The health and safety of the FIU community is a top priority, so FIU has also been monitoring the situation proactively. Since the identification of the first Zika cases in South Florida, FIU has been working with local authorities and frequently following updates from the Florida Health Department and CDC. Currently, the university is not aware of any member of the university community being personally impacted by the Zika virus.

The World Health Organization may describe the Zika virus as a “public health emergency of international concern,” but that doesn’t mean we should panic. While it is true that the virus is already here in the States, Zika is manageable as long as we are prepared and remain clear-eyed.

Our world is too interconnected, travel is easier and mosquitoes are too airborne, so it’ll be impossible to keep this issue completely at bay. However, our public health system is sophisticated and capable of monitoring potential outbreaks and delivering medical services when necessary.

Here at home, we need to focus on minimizing risks to citizens and most importantly, avoiding panic. Nothing is certain, but the best way to prevent any further spread of the Zika virus is to be properly educated on the subject while taking the necessary precautions to ensure safety and prevent any possible spreading of the virus.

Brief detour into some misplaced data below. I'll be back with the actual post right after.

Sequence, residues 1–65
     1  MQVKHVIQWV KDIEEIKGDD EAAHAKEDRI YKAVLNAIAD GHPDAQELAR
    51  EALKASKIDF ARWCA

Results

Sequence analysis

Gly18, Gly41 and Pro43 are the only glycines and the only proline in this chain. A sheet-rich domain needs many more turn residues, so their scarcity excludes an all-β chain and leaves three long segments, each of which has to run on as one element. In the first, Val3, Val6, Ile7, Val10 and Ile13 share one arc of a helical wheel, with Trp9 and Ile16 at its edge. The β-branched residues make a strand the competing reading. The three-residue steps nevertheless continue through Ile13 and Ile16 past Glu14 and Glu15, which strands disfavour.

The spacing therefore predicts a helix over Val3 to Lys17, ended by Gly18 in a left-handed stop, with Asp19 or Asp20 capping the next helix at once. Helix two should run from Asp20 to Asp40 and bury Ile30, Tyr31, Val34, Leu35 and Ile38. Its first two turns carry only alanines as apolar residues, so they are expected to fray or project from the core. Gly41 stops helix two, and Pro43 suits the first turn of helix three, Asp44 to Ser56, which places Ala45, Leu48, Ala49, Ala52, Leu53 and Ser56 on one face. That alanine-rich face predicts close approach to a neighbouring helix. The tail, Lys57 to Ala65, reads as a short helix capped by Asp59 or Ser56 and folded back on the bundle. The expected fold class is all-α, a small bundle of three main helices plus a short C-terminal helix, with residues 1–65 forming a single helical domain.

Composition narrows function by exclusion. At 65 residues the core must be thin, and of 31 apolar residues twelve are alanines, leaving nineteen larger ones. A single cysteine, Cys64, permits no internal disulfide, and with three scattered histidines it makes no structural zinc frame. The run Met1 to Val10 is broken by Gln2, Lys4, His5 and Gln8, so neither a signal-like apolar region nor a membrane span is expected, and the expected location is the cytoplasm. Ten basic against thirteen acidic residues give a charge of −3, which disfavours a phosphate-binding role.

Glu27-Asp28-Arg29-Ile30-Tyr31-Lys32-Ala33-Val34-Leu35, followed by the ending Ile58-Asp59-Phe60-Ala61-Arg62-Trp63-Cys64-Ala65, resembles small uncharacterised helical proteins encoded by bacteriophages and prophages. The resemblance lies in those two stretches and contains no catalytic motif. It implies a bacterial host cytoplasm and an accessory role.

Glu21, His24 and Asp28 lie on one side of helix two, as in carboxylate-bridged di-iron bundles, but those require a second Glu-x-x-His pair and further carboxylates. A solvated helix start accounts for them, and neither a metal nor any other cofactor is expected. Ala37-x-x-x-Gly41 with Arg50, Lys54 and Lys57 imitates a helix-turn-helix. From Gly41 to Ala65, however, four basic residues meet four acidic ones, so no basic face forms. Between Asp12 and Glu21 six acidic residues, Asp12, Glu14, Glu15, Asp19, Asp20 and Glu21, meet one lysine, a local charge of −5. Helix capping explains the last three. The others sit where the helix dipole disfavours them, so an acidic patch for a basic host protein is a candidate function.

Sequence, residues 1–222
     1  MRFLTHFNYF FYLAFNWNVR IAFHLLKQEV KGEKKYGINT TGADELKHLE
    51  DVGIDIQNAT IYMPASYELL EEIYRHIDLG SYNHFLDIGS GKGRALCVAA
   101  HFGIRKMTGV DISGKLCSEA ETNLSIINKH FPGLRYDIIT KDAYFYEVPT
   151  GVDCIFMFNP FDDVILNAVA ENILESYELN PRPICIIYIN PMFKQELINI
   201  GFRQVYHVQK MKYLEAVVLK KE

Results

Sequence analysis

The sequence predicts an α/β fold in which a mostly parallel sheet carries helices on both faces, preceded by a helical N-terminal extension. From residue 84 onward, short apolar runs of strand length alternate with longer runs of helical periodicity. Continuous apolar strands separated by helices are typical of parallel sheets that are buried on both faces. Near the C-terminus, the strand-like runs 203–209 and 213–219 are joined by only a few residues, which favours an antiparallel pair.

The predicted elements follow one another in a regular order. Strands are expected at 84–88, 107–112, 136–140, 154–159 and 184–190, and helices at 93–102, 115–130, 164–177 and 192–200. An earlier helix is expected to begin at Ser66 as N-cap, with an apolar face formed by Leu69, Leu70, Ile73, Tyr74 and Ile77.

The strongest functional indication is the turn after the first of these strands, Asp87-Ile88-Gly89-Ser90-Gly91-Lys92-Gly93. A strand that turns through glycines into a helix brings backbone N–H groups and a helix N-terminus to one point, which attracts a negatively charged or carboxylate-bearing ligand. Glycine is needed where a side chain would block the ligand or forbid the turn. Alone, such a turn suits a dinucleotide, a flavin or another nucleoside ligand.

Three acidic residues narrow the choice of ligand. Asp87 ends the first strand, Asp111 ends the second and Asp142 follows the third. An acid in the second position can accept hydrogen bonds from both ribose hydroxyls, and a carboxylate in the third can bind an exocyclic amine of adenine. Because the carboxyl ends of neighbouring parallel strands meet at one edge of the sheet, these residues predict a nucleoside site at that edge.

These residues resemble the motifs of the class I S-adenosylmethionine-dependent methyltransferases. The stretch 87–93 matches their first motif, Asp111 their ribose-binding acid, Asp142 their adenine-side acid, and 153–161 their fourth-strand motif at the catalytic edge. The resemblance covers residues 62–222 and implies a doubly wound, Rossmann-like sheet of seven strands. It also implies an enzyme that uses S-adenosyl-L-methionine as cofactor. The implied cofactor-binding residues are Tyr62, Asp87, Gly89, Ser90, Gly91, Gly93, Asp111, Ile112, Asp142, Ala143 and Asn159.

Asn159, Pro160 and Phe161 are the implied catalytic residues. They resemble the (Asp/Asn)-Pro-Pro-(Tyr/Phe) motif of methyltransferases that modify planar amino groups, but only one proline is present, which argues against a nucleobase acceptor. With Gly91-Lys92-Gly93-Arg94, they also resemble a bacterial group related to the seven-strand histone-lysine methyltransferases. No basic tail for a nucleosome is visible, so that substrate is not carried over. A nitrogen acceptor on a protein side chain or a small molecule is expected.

The opinions presented within this page do not represent the views of FIU Student Media Editorial Board. These views are separate from editorials and reflect individual perspectives of contributing writers and/or members of the University community.


Image retrieved from Flickr.  

About the Author

Maytinee Kramer
Call me May. I’m a senior double majoring in Asian studies and broadcast media and minoring in international relations. I’m a K-pop and Disney junkie, but I also enjoy watching anime and cosplaying. Some of my favorite shows are “Once Upon a Time,” “Supernatural,” and “Food Wars!: Shokugeki no Soma” while my favorite music artists are 2PM, GOT7, DEAN and Eddy Kim. After college, I hope to work as a news anchor, but I’d eventually like to host a show/segment that focuses on traveling. I am fluent in Thai and currently learning Japanese and Korean.